After doubts and consultations, Benavides agreed to evacuate the port of Leticia and entrust its administration to the League of Nations. A ceasefire interrupted the war and the way was opened for diplomacy. The end took place in Rio de Janeiro. The Colombian negotiating committee, composed of Roberto Urdaneta, Guillermo Valencia and Luis Cano, signed the agreement that reinstated Leticia on 19 June 1934. In the last part of the pact, the signatories declare themselves as an action plan that would implement the main ideas of the agreement. The effectiveness of the leticia pact depends on the compliance of Amazon countries with this obligation. Green innovation: another important point of the agreement is the development of reforestation initiatives, the exchange of green technologies and the promotion of alternatives to fires. The Leticia incident, dubbed the Leticia War, was an armed conflict between Colombia and Peru around the Amazon rainforest area. They eventually agreed to divide the disputed area among themselves. Heads of state and government from seven South American countries met in the Amazonian city of Leticia, Colombia, to sign an agreement to better protect the world`s largest rainforest. The Leticia pact is therefore like a New Year`s resolution: it sounds good and it feels good, but we forget it right away on January 1st. It is a collection of non-binding declarations of intent, that is all.

It won`t save the rainforest. And contrary to Duque`s statements, the agreement will certainly not go down in history – except perhaps as a missed opportunity. The agreement, known as the “leticia pact,” is an attempt by Amazon countries to tackle recent wildfires that have ravaged the rainforest and sparked international outrage. On April 30, 1933, Peruvian President Sanchez was shot dead. 15 days later, his successor, Scar Benavides, met with the president of the Colombian Liberal Party, Alfonso Lépez Pumarejo, to get an agreement to hand Leticia over to a league of nations commission. Countries also agreed to share information on activities such as illegal mining that harms conservation, the Pact said. Although the Leticia pact is a good starting point for regional coordination, critics have pointed out that there is a lack of scientific details and enforcement mechanisms. Aboriginal leaders and analysts remain cautiously optimistic about the pact and say it is thin in detail and direction. On September 6, 2019, representatives from seven Amazon countries signed a pact to protect the rainforest by developing regional cooperation. Indigenous leaders also participated in the assembly held in a village of the Tikuna tribe in the Amazonian city of Leticia, Colombia.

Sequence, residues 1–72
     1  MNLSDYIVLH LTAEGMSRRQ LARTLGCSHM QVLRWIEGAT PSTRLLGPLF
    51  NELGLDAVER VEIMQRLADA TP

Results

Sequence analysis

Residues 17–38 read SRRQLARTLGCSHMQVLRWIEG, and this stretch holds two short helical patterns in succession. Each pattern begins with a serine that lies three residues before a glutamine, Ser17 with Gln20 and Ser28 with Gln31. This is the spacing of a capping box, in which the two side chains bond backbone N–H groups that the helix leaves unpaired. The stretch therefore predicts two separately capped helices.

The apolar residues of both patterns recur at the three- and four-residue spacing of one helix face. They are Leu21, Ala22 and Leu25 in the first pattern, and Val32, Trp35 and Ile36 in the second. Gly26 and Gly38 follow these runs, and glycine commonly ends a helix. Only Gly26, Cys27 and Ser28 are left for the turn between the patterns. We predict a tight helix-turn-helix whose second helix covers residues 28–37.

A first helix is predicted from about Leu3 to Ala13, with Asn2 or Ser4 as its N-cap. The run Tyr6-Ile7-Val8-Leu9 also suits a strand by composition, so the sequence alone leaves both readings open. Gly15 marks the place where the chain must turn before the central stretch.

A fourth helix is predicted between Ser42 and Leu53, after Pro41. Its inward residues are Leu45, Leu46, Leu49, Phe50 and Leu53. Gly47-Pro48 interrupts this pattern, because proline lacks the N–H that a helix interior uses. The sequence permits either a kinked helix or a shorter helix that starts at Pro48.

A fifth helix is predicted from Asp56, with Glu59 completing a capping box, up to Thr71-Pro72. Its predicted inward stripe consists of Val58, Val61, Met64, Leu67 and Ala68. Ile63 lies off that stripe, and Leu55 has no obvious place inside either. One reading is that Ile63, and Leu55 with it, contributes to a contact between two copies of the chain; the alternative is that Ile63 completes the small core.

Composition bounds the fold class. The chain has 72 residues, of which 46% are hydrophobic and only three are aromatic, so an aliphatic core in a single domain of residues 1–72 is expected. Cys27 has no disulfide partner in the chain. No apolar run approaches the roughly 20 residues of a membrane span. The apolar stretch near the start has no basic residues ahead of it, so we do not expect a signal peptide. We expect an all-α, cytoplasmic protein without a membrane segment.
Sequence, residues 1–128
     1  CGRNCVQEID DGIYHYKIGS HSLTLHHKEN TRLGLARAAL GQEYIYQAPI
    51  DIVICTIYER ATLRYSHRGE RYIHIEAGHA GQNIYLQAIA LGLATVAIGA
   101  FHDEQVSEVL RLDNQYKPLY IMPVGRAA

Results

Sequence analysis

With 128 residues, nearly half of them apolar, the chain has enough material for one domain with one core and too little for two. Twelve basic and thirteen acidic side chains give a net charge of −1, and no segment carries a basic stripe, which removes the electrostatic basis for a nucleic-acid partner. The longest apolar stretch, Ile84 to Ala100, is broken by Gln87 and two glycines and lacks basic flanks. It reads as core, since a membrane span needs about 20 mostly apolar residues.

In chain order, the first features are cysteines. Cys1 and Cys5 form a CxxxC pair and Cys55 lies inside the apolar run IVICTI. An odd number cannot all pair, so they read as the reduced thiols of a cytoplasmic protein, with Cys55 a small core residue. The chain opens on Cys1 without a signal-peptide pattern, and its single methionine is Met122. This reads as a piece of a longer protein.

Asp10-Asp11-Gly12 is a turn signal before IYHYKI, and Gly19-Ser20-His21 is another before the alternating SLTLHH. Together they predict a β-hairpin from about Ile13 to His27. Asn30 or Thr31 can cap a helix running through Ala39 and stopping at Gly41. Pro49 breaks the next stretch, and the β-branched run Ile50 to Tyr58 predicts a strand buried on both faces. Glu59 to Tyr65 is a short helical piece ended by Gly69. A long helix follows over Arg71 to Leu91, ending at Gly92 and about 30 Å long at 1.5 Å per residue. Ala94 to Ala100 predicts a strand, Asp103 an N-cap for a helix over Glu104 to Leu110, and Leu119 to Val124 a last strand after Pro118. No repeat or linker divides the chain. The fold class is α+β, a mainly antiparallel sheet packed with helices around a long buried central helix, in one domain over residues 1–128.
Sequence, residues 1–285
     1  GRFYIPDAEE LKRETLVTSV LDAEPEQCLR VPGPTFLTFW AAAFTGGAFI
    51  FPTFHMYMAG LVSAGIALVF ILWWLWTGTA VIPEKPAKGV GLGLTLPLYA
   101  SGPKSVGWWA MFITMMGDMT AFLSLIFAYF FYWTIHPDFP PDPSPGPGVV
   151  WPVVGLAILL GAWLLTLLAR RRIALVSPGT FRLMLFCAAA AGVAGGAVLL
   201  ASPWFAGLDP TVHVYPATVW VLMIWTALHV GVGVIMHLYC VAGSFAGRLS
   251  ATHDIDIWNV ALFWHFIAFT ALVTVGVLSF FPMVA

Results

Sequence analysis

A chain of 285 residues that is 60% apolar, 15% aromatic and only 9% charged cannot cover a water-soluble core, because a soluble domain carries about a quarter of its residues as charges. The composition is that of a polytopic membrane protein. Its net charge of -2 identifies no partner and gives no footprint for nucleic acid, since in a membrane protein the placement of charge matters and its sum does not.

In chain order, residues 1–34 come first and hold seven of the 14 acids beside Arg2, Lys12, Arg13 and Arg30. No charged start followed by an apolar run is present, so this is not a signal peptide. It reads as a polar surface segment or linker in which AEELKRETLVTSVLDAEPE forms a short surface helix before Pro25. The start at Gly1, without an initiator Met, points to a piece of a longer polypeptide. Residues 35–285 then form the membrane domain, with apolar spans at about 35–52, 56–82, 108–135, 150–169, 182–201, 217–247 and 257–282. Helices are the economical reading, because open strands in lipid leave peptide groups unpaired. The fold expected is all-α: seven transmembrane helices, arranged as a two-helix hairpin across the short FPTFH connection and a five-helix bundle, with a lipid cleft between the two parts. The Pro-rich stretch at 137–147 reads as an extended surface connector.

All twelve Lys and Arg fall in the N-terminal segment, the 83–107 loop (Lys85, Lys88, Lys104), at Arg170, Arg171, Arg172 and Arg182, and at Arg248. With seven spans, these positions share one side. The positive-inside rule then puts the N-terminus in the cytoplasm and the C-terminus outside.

The diverse participation at the summit testifies to the complexity of the Amazon itself. The Amazon basin covers about 40% of South America, includes eight different countries and is home to one million indigenous peoples of up to 500 tribes. As if this political and cultural diversity were not enough, the Amazon is home to more than 30% of the world`s species. The fires that have engulfed parts of the rainforest in Brazil and Bolivia are the latest in a steady increase in deforestation. While a decade ago, Brazil was heading towards a zero deforestation policy, forest loss has been intensifying since 2015. 2019 is expected to reach a new peak, with July and August being the two worst months since registration began.